HEIDI DOUGLASS | email@example.com
Research undertaken by The Dementia Centre, HammondCare, has retrospectively reviewed the effectiveness of Special Dementia Care Programmes, for people with very severe behavioural and psychological symptoms of dementia.
Behavioural and psychological symptoms of dementia (BPSD) – which include hallucinations, anxiety, agitation, aggression, apathy and depression – occur in up to 90% of people living with dementia. These symptoms occur with greater frequency as the disease progresses.
It is estimated that less than 10% of Australians living with dementia will demonstrate aggressive behaviours that are deemed unmanageable in mainstream care, and only 1% will manifest very severe symptoms, indicating the necessity for specialist programmes to stabilise and reduce symptoms over time to enable transition back to a less intensive care setting.
The 10-year retrospective review, published in the Australasian Journal on Ageing, describes environmental design, governance, clinical processes, characteristics and outcomes for 80 residents within similar Special Dementia Care Programmes – with a key finding that the average stay was just over 12 months.
Dr Meredith Gresham as the then Head of Research at The Dementia Centre, HammondCare in 2020 led this research. Dr Gresham, now a Research Fellow with the Centre for Healthy Brain Ageing (CHeBA), said that people with severe BPSD are more likely to receive inappropriate or prolonged use of medication, poor quality of life and tenuous accommodation and more frequent transfer to acute care; factors which prompted the Australian Government to establish the programmes.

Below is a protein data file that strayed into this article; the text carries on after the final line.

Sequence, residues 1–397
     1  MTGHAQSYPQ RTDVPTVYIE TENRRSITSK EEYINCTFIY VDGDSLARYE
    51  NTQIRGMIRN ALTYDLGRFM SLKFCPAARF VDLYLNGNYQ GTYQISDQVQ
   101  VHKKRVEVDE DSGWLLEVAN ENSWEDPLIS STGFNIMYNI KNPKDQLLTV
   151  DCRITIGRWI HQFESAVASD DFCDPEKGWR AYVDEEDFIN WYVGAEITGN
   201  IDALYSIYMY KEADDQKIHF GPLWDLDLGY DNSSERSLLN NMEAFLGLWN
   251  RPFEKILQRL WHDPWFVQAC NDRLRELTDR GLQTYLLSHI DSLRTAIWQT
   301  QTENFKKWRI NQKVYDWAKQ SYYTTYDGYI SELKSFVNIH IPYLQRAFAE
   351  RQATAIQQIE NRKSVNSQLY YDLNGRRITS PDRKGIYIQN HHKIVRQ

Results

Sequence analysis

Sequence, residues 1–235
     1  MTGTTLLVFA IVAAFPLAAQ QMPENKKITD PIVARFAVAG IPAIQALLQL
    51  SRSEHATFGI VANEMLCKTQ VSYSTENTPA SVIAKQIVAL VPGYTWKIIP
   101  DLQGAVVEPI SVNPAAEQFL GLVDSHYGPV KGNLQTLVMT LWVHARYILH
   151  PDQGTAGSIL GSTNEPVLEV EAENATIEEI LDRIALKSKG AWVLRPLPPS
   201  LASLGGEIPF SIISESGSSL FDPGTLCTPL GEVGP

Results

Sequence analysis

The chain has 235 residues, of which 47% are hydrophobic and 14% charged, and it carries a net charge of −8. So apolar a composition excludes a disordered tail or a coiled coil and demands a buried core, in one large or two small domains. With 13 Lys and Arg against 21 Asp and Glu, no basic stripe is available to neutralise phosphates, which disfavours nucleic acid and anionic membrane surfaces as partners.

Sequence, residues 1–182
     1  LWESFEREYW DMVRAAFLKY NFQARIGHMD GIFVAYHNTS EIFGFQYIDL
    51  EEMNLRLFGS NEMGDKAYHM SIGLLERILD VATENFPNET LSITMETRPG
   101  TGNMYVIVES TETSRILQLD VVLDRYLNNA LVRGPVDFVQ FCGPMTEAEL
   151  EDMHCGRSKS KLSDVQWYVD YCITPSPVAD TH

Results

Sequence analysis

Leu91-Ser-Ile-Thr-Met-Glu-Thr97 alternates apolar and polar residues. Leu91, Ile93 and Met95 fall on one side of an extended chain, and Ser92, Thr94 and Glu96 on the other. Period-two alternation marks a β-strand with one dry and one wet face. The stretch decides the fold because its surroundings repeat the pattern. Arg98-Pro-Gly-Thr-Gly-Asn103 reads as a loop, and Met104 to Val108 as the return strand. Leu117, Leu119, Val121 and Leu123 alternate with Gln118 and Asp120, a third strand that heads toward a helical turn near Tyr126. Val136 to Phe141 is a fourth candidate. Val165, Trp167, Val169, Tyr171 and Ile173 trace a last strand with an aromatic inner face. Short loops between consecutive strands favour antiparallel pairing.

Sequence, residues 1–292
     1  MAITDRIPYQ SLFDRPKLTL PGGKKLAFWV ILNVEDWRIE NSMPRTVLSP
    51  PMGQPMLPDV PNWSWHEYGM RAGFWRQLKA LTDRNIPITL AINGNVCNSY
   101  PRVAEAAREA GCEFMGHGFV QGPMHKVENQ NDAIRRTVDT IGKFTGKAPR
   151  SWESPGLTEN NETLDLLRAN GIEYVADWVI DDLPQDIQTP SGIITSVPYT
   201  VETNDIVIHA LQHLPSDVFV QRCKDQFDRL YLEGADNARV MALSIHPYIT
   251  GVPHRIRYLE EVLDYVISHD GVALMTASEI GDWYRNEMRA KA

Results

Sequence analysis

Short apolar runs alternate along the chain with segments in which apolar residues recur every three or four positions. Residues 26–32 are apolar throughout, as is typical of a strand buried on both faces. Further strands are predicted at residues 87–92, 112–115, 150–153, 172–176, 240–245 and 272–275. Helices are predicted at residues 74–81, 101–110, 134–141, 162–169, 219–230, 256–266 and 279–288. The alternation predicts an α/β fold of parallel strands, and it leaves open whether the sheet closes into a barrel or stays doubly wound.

“These programmes were designed to provide interim care for up to 12 months for those unsuitable for mainstream aged care,” said Dr Gresham.
They are important as they lead to significant reduction in antipsychotic and anxiolytic medications and transfer to mainstream aged care services.
Dr Meredith Gresham
'Linden’, a successful Special Dementia Care Programme led by HammondCare, has been operational for over ten years providing specialist accommodation and behavioural management for older people.
“Linden is a clear example of how this model can support a majority of residents with very severe BPSD to be transferred to mainstream aged care after approximately 12 months,” said Dr Gresham.
Co-Director of CHeBA, Professor Henry Brodaty, said Special Dementia Care Programmes were critical as they have the potential to improve care and outcomes for this group of older people.
Future research should focus on confirmation of the impact of the Special Dementia Care Programme model and management strategies on resident behaviour as well as training and education to improve integrated care and service provision for this vulnerable group of people.
Professor Henry Brodaty